Jetliner engine maintenance moves to electronic monitoring

July 1, 2003
The commercial airline engine maintenance, repair, and overhaul (MRO) market has been subject to several different tidal waves of change in recent years that have initiated a major restructuring in the who and how of MRO provision.

By J.R. Wilson

The commercial airline engine maintenance, repair, and overhaul (MRO) market has been subject to several different tidal waves of change in recent years that have initiated a major restructuring in the who and how of MRO provision.

A turbulent global economy has pushed many airlines to — or over — the brink of bankruptcy, forcing cutbacks in service and maintenance, grounding hundreds of aircraft, requiring operators to look for more ways to reduce costs, and engine manufacturers to find new ways to increase revenues as new engine orders lag. It also has led to the introduction of new technologies — such as predictive engine condition monitoring — and steps toward systems that will be able to make minor repairs in-flight via telemetry.

Industry analyst Kevin Michaels of Frost & Sullivan predicts engine MRO spending will not return to pre-recession levels until next year — assuming a late 2003 recovery in the airline industry — and even then will fall nearly $2 billion below market projections made as recently as 2000. But with engine maintenance accounting for more than 30 percent of all airline MRO spending, increasing pressures to find new ways to cut costs are expected to push more and more airlines to seek outside providers rather than trying to maintain an internal MRO capability.

That interest in outsourcing has been further spurred by new generations of engines that would require new investments in training and equipment. At the same time, those new engines need far less maintenance than their predecessors, creating an even more difficult cost-benefit equation for the airlines but also putting a double hit on independent shops — higher investment coupled with less demand.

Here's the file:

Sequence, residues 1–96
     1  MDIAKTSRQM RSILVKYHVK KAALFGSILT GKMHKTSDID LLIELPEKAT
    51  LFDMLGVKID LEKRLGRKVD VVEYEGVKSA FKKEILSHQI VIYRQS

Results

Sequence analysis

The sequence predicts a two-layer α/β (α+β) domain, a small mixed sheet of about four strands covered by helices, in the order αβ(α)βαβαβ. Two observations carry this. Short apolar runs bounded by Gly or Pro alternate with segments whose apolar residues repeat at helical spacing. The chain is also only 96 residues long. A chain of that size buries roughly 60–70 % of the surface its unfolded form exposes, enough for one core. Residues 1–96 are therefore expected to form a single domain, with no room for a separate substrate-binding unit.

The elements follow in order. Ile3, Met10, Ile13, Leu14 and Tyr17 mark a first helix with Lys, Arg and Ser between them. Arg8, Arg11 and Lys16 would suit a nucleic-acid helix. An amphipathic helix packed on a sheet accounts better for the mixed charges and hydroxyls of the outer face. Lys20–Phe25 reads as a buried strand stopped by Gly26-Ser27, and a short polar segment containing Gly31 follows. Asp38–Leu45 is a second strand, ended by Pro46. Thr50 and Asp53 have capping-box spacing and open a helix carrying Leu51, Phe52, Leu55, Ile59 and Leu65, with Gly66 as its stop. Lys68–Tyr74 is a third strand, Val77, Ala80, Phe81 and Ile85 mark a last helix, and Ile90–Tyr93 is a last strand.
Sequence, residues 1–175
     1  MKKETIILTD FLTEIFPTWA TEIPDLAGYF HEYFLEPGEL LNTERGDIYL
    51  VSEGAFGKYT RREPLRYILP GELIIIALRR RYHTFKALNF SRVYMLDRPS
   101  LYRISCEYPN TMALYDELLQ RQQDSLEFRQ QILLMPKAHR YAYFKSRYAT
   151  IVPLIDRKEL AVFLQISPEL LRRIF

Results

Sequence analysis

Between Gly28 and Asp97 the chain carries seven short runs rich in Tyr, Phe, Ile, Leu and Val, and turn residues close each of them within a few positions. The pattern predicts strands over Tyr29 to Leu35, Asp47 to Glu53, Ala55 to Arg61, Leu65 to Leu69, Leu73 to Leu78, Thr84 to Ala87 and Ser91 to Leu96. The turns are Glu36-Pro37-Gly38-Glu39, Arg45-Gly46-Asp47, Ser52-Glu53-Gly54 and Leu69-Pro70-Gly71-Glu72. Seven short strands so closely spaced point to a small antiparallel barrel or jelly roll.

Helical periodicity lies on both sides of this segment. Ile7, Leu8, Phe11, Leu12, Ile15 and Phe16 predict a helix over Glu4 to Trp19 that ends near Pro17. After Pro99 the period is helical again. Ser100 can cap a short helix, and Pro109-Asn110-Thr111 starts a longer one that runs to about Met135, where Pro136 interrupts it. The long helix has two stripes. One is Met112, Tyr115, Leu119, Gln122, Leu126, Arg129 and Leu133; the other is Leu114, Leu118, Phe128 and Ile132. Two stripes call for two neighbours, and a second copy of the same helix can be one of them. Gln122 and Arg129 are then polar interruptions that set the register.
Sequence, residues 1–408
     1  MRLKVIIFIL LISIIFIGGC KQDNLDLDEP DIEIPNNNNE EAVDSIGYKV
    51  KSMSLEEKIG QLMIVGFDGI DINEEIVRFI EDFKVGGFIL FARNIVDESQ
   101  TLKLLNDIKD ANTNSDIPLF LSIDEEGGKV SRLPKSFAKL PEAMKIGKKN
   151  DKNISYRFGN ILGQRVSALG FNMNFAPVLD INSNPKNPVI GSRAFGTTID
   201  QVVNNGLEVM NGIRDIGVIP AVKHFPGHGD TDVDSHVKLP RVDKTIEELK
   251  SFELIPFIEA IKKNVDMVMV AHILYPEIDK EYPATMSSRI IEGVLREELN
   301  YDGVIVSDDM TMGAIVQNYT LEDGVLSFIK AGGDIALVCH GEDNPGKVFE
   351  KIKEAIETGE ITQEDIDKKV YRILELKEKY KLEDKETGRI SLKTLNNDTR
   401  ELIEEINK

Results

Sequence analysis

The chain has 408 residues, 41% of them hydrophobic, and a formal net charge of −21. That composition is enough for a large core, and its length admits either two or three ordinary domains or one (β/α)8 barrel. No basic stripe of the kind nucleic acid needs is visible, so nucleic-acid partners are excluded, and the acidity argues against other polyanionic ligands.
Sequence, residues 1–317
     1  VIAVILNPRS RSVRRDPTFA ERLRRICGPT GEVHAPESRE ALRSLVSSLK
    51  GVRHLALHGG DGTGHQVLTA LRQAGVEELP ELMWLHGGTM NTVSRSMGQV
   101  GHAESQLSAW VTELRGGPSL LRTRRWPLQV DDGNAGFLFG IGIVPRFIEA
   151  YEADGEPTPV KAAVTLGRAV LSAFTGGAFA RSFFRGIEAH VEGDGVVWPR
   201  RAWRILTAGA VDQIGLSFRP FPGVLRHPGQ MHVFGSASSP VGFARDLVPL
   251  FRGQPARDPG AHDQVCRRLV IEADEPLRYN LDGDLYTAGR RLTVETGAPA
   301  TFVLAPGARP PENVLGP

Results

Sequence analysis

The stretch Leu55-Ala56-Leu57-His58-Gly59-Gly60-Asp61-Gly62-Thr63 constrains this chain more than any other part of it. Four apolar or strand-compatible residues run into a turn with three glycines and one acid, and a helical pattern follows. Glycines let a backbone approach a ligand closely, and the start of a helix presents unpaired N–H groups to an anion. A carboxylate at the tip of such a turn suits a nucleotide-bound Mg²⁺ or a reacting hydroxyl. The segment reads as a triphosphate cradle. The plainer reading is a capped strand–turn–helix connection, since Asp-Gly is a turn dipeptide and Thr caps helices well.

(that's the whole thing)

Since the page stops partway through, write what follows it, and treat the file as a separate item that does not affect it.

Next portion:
However, with an estimated $12 billion a year in engine MRO expenditures by the global airline industry — which still handles some 45 percent in-house — there are significant incentives for all MRO providers. For the moment, the trend has been for airlines to increase outsourcing, original engine manufacturers (OEMs) to increase their share of MRO work, and independents to increasingly disappear.

"Worldwide, there is an overcapacity," says Jim Keenan, senior vice president of commercial engines for Pratt & Whitney in East Hartford, Conn. "Not only is demand down because flying has been reduced, but pressures on the airlines have resulted in a lot of maintenance being deferred. A lot of airplanes are being parked in the desert, which creates opportunities to use their engines as spares that can be injected into the system and delay the need to overhaul others.

"Today's generation engine also enters the shop nominally about one-third as often as a typical engine 25 years ago," Keenan says. "So an engine delivered to a customer today will see many fewer shop visits and lower maintenance requirements than an engine delivered in the 1970s."

The development of in-flight engine condition monitoring, by original engine manufacturers and third parties, also has reduced downtime and helped make maintenance more specific to aircraft than it is to entire fleets.

Despite all that, Keenan says there will be a significant "ramping up" of engine MRO work once the airline business turns around. The question is, who will still be in business, with the right level of technology and trained mechanics, to handle that business?

"It remains to be seen," Keenan says. "Our customers in many cases still find it advantageous to maintain their own infrastructure, although the outsourcing trend is accelerating to some degree. Customers also have demonstrated an interest in seeing continued competition. At the same time, the OEMs have advantages the others may not." Steve Pearl, vice president and general manager of GKN Aerospace Chemtronics Inc. in San Diego says while the airlines may like having independents available to provide competition — especially as it affects pricing — the OEMs may prefer to be the sole source for engine MRO contracts.

"The OEMs are trying to gain a larger share of the market by buying or co-venturing with independents or pushing them out of business, seeing repair as a money stream at a time when new engine sales are down," he says. "So it's getting harder and harder to gain OEM approval to repair their newest engine components. They are increasing the cost of gaining approval, sometimes flat out refusing to grant approval because it is their strategy to capture that part of the market. That's something new, which wehaven't encountered in the past. But that's their call and there's not a thing you can do about it, even if the airline customers don't like it.